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« Review: The Walkmen & Father John Misty @ the Vic, 1/18 TNK Fest Recap: Night 3 - Free Energy @ Schubas, 1/18 »

Tomorrow Never Knows Sun Jan 20 2013

Review/Photos: Tomorrow Never Knows - Chelsea Wolfe, The Amazing, King Dude & Sabers @ Schubas Tavern 1/19/13

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Chelsea Wolfe wasn't just the most unusual musician playing in a night of quite varied and unique bands but she might very well be one of the strangest and most intriguing musicians in the entire world at large. She is striking in her very tall, thin stature and she seems like she comes from a totally different time and place, like the silent film era for instance. Wolfe possesses the kind of eyes that make her seem irreconcilably lost. Her music is typically experimental and distorted as in the case of her second full length album Ἀποκάλυψις, which is also referred to as Apokalypsis. She has become known for a sound that is unpredictable and as wild as it is strange so this reviewer wasn't quite sure how a more acoustic set was going to work.

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Chelsea Wolfe possibly seemed even more vulnerable with the stripped down approach, though she still had a violinist and another bandmate on synth keyboards as well as her own acoustic guitar. One gets the idea she may not necessarily feel comfortable on the stage, despite her obvious talent. There's also something to be said about that kind of feeling, because it makes you realize that each performance is a sort of gift and an exercise in trust. Wolfe had her audience chilled and breathless with the sound of her voice alone, which sounded fantastic and was often looped to create a symphony with herself. Her range and sense of control is admirable but one can also make the case that her delivery is equally strong.

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Wolfe didn't talk too much between songs, though it was clear she was sick as she kept spraying her throat with medicine. She didn't sound raspy or raw. however, so she managed to hide it quite well. One could tell she realized she was respected on stage and was thankful for her admiring fans. She played a few songs from Apokalypsis as well as at least one new song and it was really nice to hear her cover Sybille Baier's "The End" as an encore.


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Sabers started out the night with a very intriguing mix of edgy rock songs not afraid of a catchy riff and softer ballads where the melodic interplay worked especially well. Those paying attention to the local Chicago music scene these last few years may remember Edward Anderson from 1900s and Mazes and lead singer Josh Chicoine from The Ms and Cloudbirds but it was a treat to see them together on the same stage. Anderson plays bass in this band and the five piece also had accompaniment from drums, keyboards and guitar. They started five minutes early so they could play an extra song and there wasn't a dull moment in their 35 minute long set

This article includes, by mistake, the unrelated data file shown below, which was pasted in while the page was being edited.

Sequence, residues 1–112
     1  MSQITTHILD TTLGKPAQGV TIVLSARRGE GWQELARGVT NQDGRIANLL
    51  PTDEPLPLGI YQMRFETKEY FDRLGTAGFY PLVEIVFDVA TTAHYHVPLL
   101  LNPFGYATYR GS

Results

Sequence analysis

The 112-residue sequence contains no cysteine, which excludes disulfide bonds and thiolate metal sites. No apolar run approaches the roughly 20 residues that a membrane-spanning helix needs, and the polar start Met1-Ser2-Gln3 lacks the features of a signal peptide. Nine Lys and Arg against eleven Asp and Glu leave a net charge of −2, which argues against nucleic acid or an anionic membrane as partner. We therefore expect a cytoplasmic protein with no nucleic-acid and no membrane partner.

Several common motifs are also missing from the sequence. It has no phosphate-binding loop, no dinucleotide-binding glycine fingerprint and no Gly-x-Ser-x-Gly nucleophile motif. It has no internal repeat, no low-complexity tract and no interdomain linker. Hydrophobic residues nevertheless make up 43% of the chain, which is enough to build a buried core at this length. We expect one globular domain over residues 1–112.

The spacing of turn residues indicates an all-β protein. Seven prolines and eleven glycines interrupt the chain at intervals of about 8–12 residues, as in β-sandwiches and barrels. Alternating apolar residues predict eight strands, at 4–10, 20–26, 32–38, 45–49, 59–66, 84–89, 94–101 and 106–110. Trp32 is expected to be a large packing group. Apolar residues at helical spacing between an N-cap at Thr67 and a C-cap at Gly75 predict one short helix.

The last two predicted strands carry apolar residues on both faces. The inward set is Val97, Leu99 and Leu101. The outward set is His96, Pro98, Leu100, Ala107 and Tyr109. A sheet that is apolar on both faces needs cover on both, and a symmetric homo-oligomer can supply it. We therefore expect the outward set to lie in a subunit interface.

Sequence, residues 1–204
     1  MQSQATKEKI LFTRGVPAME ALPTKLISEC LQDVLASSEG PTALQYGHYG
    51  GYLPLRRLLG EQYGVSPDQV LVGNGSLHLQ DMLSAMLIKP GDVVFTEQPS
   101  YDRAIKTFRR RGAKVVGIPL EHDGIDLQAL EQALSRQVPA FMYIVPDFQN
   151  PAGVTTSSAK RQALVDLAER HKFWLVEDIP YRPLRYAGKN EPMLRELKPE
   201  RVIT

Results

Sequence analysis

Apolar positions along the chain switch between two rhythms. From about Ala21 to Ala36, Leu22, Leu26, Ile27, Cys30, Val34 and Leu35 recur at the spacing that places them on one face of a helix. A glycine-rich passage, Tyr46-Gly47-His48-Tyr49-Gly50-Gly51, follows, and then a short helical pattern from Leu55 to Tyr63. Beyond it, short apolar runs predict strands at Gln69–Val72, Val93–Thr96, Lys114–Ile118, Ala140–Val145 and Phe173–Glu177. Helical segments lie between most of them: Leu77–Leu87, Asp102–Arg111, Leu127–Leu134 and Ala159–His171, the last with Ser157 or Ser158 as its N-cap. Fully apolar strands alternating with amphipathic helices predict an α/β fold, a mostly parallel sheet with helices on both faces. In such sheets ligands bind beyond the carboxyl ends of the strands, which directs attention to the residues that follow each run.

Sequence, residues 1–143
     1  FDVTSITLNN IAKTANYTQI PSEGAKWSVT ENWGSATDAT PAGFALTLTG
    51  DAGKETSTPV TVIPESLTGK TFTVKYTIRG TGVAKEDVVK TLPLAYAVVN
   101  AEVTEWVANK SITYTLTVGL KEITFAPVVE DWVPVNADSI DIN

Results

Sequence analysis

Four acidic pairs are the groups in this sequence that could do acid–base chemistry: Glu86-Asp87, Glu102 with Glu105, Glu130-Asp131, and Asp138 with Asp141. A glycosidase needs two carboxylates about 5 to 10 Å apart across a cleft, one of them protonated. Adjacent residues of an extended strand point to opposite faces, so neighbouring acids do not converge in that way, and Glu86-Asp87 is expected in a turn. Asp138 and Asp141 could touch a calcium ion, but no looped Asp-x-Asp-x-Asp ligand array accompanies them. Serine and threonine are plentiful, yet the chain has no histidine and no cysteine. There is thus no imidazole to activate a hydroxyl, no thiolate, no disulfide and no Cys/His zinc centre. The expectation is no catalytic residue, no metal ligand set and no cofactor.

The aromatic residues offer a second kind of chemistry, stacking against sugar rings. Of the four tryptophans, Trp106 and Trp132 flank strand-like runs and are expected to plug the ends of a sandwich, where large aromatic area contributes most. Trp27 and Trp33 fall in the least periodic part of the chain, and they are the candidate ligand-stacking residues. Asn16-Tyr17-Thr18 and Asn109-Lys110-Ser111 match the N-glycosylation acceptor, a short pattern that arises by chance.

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The strangest and most distinctive thing about two piece King Dude was the lead singer's (TJ Cowgill's) voice which at times seemed to fit into an eccentric slightly nasal Indie rock sound. At other times, it was belted out from his chest and thrust forth in a deeply soulful way that was just as irregular but more passionate. Cowgill played guitar with a bandmate on drums in front of a large tattered American flag and most of their songs recalled a darker even more gothic aesthetic exploring such topics of being deeply alone and evil.(At one point, they even suggested the audience could sing along with them in a little ditty about Lucifer.) The songs were at their best when Cowgill's voice was at it's deepest and one felt a little haunted. When the delivery was more nasal and higher pitched, it was not only jarring and off putting (if it wasn't live, one would think it was a different person altogether), but it made the songs lack the spooky quality that made them seem so memorable and worth listening to in the first place.

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The band hailing from the farthest away of the night, The Amazing, also played songs quite different from any of the other bands on the lineup. This time, the audience was greeted by a five piece playing psychedelic folk rock jams that were super melodic though somewhat long and meandering. It was lovely to both linger and get lost in some of those moments, though. The songs were at their best when they included keyboard instead of bass but either way there was always ample guitar melodies to keep things interesting and the intermittent vocal harmonizing was also quite a treat! They added a little humor saying Chicago was the nicest American city they had been to (clearly they hadn't visited Wrigleyville) and randomly mentioning The Blues Brothers.

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Read all our Tomorrow Never Knows coverage.

 
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Feature Thu Dec 31 2015

Our Final Transmission Days

By The Gapers Block Transmission Staff

Transmission staffers share their most cherished memories and moments while writing for Gapers Block.

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